Volkswagen has told BBB it will build a pilot manufacturing plant for battery cells in Germany as part of a new corporate “centre of excellence”.
The pilot facility, on which work is expected to start by 2019, will be incorporated with an existing VW plant in Salzgitter, Lower Saxony, a VW spokesperson confirmed.
The facility will fabricate battery cells and cell modules “to gain an understanding of the process”.
The car giant’s spokesperson added: “We need something over 150GWh of battery capacity annually by 2025, just to meet the needs of our own fleet as regards li-ion batteries. To put that into perspective, it is equivalent to at least four gigafactories’ annual capacity for battery cells.”
“We have a very clear-cut medium to long-term battery strategy,” BBB was told. “This is an issue where we intend to remain very firmly at the wheel.”
Confirmation of the pilot facility ends months of speculation about whether VW would consider battery production and eventually follow the lead of German peer Daimler. Daimler’s second battery plant is scheduled to start up in the country this year and which is also building a battery plant in Alabama.
Meanwhile, industry observers have speculated that VW’s decision could be part of a carefully-choreographed bid for Germany to play a dominant role in future EU battery industry plans.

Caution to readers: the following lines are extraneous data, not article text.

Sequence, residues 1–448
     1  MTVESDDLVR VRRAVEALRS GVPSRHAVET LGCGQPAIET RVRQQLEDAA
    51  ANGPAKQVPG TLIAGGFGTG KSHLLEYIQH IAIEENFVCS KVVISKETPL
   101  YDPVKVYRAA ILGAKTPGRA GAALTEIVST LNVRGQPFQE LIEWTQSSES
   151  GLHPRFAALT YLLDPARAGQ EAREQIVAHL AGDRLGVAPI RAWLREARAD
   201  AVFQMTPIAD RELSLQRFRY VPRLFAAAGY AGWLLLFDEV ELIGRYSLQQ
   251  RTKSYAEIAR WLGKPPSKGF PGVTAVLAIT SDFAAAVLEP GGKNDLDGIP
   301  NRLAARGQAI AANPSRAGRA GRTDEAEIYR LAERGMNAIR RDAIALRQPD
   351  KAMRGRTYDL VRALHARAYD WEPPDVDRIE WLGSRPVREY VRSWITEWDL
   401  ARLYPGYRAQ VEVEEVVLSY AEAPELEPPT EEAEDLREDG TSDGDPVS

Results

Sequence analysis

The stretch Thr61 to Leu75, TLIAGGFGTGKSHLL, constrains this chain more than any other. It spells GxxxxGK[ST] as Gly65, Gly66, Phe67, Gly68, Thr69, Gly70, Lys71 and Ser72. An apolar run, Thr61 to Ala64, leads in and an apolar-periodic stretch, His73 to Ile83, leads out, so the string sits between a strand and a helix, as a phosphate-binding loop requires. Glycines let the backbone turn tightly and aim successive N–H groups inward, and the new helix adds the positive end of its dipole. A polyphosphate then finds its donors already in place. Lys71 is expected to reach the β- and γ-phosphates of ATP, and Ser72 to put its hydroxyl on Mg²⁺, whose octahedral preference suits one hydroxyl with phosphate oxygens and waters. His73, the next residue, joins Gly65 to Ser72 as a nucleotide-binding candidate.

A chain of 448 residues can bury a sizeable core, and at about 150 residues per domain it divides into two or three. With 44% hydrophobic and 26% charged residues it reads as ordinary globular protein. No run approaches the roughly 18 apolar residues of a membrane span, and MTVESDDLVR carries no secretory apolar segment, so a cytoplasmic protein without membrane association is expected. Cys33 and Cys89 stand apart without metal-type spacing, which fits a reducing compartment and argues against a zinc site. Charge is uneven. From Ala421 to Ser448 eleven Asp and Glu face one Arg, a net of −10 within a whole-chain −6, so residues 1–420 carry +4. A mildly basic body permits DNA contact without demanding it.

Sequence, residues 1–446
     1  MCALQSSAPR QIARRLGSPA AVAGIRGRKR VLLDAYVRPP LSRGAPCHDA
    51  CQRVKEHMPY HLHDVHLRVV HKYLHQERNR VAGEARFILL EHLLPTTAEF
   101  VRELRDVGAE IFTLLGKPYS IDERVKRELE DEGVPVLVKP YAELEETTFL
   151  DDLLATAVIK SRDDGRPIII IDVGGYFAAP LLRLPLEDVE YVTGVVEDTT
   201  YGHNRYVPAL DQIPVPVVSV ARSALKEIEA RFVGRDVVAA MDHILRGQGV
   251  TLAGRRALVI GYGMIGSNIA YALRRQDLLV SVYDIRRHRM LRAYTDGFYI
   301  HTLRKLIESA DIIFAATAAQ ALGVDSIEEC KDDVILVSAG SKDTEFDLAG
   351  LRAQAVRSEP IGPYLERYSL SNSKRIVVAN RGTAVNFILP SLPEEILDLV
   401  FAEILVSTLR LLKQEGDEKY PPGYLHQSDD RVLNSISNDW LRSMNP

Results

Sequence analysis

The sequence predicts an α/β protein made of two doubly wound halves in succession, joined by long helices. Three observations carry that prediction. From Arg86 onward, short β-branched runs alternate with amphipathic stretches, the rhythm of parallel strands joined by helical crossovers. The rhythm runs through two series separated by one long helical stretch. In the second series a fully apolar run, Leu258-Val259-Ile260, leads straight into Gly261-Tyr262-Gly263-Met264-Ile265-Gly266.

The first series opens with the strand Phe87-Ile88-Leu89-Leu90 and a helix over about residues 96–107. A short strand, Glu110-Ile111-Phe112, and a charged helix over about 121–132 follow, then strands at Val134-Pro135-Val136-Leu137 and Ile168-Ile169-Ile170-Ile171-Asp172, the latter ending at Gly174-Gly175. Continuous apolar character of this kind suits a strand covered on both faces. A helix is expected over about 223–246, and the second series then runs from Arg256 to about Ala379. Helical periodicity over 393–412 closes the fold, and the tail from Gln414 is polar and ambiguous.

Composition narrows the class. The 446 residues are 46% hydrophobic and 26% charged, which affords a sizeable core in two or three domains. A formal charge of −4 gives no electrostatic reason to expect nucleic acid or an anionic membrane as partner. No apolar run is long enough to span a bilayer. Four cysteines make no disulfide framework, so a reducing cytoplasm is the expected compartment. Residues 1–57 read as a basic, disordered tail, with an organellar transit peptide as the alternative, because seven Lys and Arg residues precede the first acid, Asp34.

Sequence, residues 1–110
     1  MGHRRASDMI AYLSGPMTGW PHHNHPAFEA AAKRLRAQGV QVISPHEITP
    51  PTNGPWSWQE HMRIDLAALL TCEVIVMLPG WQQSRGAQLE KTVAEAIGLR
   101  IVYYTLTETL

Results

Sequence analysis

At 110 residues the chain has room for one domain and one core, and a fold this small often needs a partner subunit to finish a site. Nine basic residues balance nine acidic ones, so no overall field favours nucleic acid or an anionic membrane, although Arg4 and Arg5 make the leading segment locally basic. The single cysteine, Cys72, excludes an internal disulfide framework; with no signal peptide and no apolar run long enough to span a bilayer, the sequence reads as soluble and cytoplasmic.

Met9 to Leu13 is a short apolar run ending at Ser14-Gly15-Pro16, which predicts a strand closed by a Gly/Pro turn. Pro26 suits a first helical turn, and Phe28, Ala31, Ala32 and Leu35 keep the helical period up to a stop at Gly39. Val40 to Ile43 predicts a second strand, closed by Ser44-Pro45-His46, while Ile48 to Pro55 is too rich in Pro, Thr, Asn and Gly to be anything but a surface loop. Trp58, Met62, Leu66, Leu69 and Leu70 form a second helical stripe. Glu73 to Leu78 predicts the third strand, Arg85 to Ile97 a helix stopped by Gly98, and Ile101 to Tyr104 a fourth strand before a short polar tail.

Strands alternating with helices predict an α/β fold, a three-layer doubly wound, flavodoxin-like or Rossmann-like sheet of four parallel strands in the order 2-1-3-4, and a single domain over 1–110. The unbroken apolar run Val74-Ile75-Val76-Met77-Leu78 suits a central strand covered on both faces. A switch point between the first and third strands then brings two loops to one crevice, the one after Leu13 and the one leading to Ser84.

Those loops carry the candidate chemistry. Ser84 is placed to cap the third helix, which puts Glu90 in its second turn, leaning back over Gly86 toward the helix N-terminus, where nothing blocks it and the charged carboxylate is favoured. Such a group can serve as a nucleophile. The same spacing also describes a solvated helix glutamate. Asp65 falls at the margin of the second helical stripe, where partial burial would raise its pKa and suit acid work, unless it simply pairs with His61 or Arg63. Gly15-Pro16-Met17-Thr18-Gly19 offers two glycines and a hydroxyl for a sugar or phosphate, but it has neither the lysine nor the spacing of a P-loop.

German business weekly WirtschaftsWoche quoted newly-appointed VW CEO Herbert Diess as saying: “I think we need battery production in Germany. This is the core technology of electro mobility.”
Unconfirmed reports suggest VW could be indicating a willingness to invest in full-scale battery cell production in Germany if the government would cut a deal on reducing energy costs for industry.
Lower Saxony’s economic affairs minister Bernd Althusmann told WirtschaftsWoche: “Access to battery cells is an essential prerequisite for a competitive industry in Germany. Lower Saxony should not only become a research location but also a manufacturing location.”
Meanwhile, German chancellor Angela Merkel has signalled the government’s backing for helping the country’s auto industry get back on its feet in the wake of the VW emissions scandal.
Merkel told German lawmakers this month: “It cannot be in our interest to weaken the automotive industry… We currently have to import the cells. But it would be desirable to be involved in new cell types.”
“Batteries account for around 40% of the value added of a car of the future,” Merkel added. “Let’s assume that electro mobility is the driving technology of the future, which is not certain— and there is just 20-30% value added. The battery (currently) definitely comes from Asia. What is the added value of that for Europe?”